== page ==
One of the CBC's premier political reporters, Keith Boag is currently based in Washington, D.C., following stints in Los Angeles and on Parliament Hill in Ottawa.
Latest from Keith Boag
Robert Mueller says the report is his 'testimony' — and it doesn't exonerate the president
Robert Mueller, who avoided the media during his probe of 2016 election interference, finally appeared before cameras Wednesday. What he said wasn’t new — but by underlining the necessity and purpose of the investigation, and spelling out its conclusions, he was clearly trying to turn attention back to Congress.
Despite Trump's scaremongering, socialism is gaining a foothold in America
There has been a lot of talk about the rise of socialism in U.S. politics, thanks to the profile of people like Sen. Bernie Sanders and Rep. Alexandria Ocasio-Cortez. But broader interest in "people over profits" has been brewing for a while, writes Keith Boag.
Trump's attorney general doesn't fear controversy — and he never has: Keith Boag
Top Democrats are calling Attorney General William Barr a liar and demanding he resign. But that probably won't faze President Donald Trump's appointee to the top job at the Justice Department. Barr has been here before, Keith Boag writes.
Mueller report will seal not just Trump's fate but Barr's place in history: Keith Boag
Distrust has become a political reflex in Washington, instantaneous and predictable. But trust and distrust are actually earned, and this is the moment when Attorney General William Barr will eventually earn one or the other — and settle his place in history.
Barr's summary of Mueller report was a brilliant PR tactic that changed the conversation: Keith Boag
Attorney General William Barr’s summary of the long-awaited Mueller report into allegations of collusion between the Trump campaign and Russia left many questions unanswered, but as a public relations tactic, it was brilliant, writes Keith Boag.
Beto O'Rourke: A Democrat with a slim CV but an underdog no longer
Beto O'Rourke had an unremarkable three terms in Congress before he set his sights on a Senate seat in 2018. Suddenly, unexpectedly he went streaking like a shooting star across the national media's horizon. Now he is eyeing the presidency.
Cohen's testimony before Congress won't answer the big questions but could be revealing — and entertaining
Michael Cohen's testimony to the U.S. Congress this week likely won't answer the big who-knew-what-and-why-did-they-lie-about-it questions concerning Russia's interference in the 2016 U.S. election. But it could still be full of revelations.
Computer scientist David Magerman wants to build a more ethical internet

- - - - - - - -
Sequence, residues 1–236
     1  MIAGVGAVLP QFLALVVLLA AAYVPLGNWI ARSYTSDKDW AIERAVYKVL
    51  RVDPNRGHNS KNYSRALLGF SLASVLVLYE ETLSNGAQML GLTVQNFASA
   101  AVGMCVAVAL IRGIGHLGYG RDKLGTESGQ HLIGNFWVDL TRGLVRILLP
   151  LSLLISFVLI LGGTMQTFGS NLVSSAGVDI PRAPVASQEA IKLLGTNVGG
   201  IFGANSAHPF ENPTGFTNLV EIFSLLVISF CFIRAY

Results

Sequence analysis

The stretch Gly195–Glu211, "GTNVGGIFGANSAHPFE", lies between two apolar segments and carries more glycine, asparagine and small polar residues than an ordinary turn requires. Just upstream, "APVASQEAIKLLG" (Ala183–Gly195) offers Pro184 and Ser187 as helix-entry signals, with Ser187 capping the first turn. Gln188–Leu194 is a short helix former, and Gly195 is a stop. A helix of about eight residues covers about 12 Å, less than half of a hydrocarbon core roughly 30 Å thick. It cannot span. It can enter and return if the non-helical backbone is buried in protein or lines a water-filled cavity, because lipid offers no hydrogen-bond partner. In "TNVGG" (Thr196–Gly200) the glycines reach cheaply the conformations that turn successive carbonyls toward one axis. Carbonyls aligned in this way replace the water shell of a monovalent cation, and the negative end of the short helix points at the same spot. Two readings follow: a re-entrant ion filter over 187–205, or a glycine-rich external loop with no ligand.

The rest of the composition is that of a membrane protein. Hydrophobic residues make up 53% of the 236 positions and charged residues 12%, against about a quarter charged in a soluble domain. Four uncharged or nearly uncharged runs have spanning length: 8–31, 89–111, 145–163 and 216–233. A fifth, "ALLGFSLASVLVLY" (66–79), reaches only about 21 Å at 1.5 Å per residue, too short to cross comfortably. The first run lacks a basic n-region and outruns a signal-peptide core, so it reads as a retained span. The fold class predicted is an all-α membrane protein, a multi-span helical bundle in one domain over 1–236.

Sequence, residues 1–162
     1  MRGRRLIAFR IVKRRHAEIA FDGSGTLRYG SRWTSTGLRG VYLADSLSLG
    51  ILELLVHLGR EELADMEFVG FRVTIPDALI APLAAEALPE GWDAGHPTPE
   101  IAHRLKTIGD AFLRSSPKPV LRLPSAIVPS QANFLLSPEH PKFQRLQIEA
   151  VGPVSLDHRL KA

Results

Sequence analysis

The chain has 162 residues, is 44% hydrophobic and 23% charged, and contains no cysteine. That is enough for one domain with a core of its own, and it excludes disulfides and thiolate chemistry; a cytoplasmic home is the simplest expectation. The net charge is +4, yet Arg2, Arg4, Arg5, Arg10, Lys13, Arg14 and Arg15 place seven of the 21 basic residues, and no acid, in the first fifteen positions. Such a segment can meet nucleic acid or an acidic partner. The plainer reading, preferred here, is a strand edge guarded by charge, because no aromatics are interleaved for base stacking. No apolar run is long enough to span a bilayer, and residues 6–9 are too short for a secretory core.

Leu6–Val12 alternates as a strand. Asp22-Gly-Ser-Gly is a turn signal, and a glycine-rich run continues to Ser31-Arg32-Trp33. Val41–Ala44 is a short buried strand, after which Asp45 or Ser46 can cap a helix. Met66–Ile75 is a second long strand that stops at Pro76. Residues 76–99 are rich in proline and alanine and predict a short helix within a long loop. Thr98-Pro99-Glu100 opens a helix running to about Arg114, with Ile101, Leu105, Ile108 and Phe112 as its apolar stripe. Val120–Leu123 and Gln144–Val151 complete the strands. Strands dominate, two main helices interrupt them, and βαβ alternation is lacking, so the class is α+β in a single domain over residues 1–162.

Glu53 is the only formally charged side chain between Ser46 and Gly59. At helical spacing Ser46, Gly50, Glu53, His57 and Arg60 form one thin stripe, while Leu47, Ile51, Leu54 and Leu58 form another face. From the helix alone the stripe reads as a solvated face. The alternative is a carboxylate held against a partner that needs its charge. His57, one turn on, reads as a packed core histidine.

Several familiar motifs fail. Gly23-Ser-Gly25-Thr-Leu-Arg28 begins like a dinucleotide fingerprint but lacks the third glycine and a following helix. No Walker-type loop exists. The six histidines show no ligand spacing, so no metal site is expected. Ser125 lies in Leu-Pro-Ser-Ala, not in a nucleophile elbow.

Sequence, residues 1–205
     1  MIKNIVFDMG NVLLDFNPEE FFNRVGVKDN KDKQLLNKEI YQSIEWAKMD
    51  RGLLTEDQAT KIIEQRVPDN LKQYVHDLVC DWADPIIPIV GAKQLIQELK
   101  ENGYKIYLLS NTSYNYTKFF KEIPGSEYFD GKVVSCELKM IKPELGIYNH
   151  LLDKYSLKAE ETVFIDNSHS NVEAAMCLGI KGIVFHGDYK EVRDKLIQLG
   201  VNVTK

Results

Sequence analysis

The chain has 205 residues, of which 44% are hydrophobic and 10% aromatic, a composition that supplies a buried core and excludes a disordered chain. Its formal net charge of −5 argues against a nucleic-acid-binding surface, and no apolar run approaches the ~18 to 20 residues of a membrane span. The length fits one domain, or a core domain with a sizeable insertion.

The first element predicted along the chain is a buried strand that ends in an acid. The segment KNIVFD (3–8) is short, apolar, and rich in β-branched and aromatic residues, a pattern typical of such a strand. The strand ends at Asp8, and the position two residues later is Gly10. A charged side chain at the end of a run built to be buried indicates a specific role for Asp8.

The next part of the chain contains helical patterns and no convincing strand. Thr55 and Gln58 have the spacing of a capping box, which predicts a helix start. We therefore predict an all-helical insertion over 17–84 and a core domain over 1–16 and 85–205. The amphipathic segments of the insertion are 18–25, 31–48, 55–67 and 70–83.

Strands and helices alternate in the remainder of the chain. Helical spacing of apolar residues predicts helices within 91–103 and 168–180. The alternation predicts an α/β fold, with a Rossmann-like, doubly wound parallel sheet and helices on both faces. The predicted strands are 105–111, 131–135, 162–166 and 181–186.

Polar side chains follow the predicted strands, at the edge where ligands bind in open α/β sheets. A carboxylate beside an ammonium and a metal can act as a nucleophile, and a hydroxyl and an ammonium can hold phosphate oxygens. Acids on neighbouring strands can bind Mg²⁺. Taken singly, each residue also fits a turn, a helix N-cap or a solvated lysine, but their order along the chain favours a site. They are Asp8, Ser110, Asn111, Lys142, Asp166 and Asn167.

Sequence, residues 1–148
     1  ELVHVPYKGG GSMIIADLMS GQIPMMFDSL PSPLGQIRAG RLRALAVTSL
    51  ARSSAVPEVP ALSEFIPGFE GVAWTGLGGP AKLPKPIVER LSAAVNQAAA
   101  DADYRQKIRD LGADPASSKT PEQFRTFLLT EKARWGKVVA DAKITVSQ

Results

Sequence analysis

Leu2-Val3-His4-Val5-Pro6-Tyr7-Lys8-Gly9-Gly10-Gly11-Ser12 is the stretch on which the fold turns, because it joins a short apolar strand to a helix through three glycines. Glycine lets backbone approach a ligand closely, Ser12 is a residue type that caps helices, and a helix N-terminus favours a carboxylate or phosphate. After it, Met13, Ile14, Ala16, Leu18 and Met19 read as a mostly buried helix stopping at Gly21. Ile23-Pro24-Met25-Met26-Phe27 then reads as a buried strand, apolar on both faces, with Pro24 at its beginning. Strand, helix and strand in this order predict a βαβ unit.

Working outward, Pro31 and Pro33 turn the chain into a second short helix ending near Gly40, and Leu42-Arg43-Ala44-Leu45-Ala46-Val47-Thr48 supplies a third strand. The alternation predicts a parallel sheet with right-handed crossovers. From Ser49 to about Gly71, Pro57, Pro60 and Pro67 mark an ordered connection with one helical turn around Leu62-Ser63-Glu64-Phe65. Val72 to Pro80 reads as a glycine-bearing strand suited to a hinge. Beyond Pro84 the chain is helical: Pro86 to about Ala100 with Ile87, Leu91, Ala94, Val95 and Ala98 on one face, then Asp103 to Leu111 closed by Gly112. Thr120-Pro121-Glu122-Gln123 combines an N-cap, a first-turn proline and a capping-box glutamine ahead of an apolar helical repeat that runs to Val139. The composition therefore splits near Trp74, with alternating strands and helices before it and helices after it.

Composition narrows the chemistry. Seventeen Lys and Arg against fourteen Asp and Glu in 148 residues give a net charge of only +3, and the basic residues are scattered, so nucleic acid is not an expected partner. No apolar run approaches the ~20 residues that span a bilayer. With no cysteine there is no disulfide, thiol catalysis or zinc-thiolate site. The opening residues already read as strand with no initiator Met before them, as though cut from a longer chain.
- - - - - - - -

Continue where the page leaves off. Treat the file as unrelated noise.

David Magerman became rich working with Robert Mercer, the billionaire co-owner of Cambridge Analytica. Having seen the role online data mining had in helping Donald Trump become president, Magerman now wants to create a better, less profit-driven internet.
Trump's new reality in 2019: Fending off an emboldened Congress
Democrats won back the U.S. House of Representatives in November by talking about everything but Donald Trump. That's over now, writes Keith Boag.
Reckless rhetoric is the real threat to public faith in Florida recounts: Keith Boag
What's going on in Florida is a potentially destructive debacle that can shake the public's confidence in elections. But, at this point, reckless rhetoric from politicians is to blame for any lasting damage, not the behaviour of election officials, Keith Boag writes.
Prepare for a dismal, dirty journey to 2020: Keith Boag
It is the exhausting reality of American politics that as the dark and divisive midterm campaign has finally drawn to its close, the dark and divisive presidential campaign is about to begin.
Why Trump ditched the economy and went back to the border to start a fight: Keith Boag
President Donald Trump knows a healthy economy isn't a strong enough motivator to get Republicans to the polls in the midterms. That's why he's gone back to the most divisive — and successful — tactics from his 2016 presidential campaign.
The high price and complicated politics of sticking with Brett Kavanaugh
With six weeks to go before crucial midterm elections, Republicans, who already have a problem appealing to women, are planning a high-profile public hearing that risks reminding women of why that is.
Surprising Mississippi run-off could decide which party controls the Senate
The Magnolia State is suddenly — and surprisingly — critical to the U.S. midterm elections calculus. Mississippi could decide who controls the Senate, and do it in a sweeping drama.
How Fear and a White House witch hunt changed the stakes for the midterms
Keith Boag looks at the growing challenges facing Donald Trump as he tries to help the Republicans keep control of Congress in November's midterm elections — and potentially save his presidency in the process.